They're short, 15 min or less lectures on the topic. Todd Friel has many different men speak on the topic, like Phil Johnson, Justin Peters, Trevin Wax, and the short lectures are very clear and helpful. You can buy CD or do an immediate download. For 72 or more lectures it only costs 19.99.

I hope this suggested list has been helpful. No matter what the tools, the premier Helper is the Holy Spirit. He has taken me from a babe in Christ to where I am now, embarking on a more organized and rigorous study plan, over the last 7 years. He is more than able to teach you, with or without additional study tools. Hopefully your entire interest in any of these tools is to study the word so as to know more about the savior who reigns. We worship a risen Savior whose attributes are revealed in God's word. Knowing Him and worshiping Him is the highest goal and a full meal of spiritually satisfying food. In using these tools they help us in this pursuit- but don't let the search for tools distract you from personal and persistent study.

But as for you, continue in what you have learned and have firmly believed, knowing from whom you learned it and how from childhood you have been acquainted with the sacred writings, which are able to make you wise for salvation through faith in Christ Jesus. All Scripture is breathed out by God and profitable for teaching, for reproof, for correction, and for training in righteousness, that the man of God may be competent, equipped for every good work. (2 Timothy 3:14-17)

Thanks and God bless.


  1. You should pin this page to the side as a permanent link.

  2. Awesome, thanks Elizabeth! Can't wait to hear about Logos. I still prefer books to screen, but it seems software may be the way to go.

  3. Thank you for all the information. I love knowing some of your Study Tools and people you listen too. I agree with Anonymous, that this should be a list on the side bar for reference. Especially for newer Christians who want to follow Truth. I currently use
    e-Sword and like it.

  4. I've been wanting to purchase Logos for a while now, but can't determine which version I want. It is hard for me to tell if I'd like the lower end version or if I'd need to save up for the more expensive versions. My associate pastor was teaching a class on hermeneutics last year and highly recommended Logos. Also, do you know if you get the tablet version and PC version if you purchase it? It would be great to have it on multiple devices.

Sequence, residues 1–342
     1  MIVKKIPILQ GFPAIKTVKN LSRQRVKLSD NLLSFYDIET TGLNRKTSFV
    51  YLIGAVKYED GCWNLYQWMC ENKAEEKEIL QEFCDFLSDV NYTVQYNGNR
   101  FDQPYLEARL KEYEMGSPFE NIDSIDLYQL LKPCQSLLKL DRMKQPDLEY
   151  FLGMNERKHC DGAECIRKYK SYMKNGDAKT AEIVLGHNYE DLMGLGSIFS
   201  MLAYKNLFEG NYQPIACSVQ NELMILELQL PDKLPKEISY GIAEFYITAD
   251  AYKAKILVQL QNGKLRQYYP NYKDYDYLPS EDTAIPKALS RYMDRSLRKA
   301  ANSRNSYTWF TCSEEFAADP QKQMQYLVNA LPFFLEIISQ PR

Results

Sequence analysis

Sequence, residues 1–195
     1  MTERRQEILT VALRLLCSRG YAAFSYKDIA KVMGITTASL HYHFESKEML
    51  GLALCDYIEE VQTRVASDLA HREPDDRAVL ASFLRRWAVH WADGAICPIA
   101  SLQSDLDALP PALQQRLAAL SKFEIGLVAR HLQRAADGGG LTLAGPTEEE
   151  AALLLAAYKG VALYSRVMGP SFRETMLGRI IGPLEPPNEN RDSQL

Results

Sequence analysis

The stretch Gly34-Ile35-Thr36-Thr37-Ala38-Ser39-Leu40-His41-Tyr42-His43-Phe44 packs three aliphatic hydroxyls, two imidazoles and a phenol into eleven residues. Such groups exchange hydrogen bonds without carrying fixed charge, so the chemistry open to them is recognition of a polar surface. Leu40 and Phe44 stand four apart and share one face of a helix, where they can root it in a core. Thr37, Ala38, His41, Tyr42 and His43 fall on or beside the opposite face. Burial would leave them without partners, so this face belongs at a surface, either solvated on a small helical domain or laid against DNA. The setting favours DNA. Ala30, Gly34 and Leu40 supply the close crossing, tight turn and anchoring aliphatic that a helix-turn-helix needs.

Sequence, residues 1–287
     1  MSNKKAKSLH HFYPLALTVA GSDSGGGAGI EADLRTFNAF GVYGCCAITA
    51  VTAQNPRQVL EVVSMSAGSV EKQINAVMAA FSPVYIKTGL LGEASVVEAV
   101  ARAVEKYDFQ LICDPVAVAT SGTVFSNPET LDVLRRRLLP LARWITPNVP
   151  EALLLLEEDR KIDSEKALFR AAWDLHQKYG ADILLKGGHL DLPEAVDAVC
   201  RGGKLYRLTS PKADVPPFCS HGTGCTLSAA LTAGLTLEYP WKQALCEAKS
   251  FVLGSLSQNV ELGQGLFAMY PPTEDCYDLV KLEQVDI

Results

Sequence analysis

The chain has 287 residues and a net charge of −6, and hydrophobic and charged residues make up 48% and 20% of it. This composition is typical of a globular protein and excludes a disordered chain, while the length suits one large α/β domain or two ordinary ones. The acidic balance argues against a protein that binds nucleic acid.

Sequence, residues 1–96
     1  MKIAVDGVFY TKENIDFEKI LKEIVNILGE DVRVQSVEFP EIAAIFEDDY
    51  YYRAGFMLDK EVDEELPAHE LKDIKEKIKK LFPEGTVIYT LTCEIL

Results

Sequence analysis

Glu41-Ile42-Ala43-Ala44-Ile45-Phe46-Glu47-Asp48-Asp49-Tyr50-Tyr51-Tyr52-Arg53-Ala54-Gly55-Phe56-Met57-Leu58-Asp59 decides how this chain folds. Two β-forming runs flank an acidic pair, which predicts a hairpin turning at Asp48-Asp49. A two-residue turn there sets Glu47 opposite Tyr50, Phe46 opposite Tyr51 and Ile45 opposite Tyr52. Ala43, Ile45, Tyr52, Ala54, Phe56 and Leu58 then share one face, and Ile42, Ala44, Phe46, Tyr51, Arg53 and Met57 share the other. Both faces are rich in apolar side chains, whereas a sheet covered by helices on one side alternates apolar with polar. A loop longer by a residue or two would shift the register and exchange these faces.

5. Hi Brad,

    I don't have any other devices so I didn't pay a whole lot of attention when I read the specs, but I think I remember that you can get it on several different devices including tablet, PC and Mac. Tim Challies advised getting the highest end version you can afford but my understanding is that there is SO MUCH on even the Basic version that it'd likely take me a while to get used to the capabilities so if I bought the lowest version then I can use the money I didn't spend on ministries and donations elsewhere until I needed to spend more to upgrade. They make upgrading easy.

    1. Thanks Elizabeth for the info. Do you know if the basic version comes with the side-by-side view of English and Greek translations? I see Dr. James White use that a lot in his videos and I really like that feature.


    2. Brad the short answer is, I don't know, lol! It is a massive program. On thing all the reviewers said was that there is a steep learning curve. There is so much here it does take a while to master navigating around. The other thing the reviewers said is that support is terrific and there are a LOT of tutorials, so with diligence I anticipate being able to begin to use what is here in a short time..

      While on vacation for the next two weeks I plan to view the tutorials and get used to the program. I am sure there is a side-by-side Greek/English on the basic, there is so much here and that is a foundational thing, but I'll let you know for sure.

      What I have been enjoying at the surface level are:

      Reading Plan. You plug in what book you want to read and how long you want to read it through and it calculates a reading plan for you. I plugged in "I want to read Jeremiah in one month" and it schedules it for me. After I read the day's reading, I click "Read it" and the program automatically moves on.

      I also enjoy the personal, customizable prayer list and reminders. I enjoy on the home page, the journal articles, and the photos of Ancient Galilee. I really like the timeline, atlas, and weights and measures calculations. Brannon Howse mentioned enjoying the artwork, and I see what he means now. On the home page there is a daily verse that is illustrated. The artists did a fantastic job of presenting scripture truths in visual format through illustration or art. I enjoy it.

      But as for the languages, commentaries, parallel verses i.e the actual reason I bought the program, I haven't delved too deeply yet. :)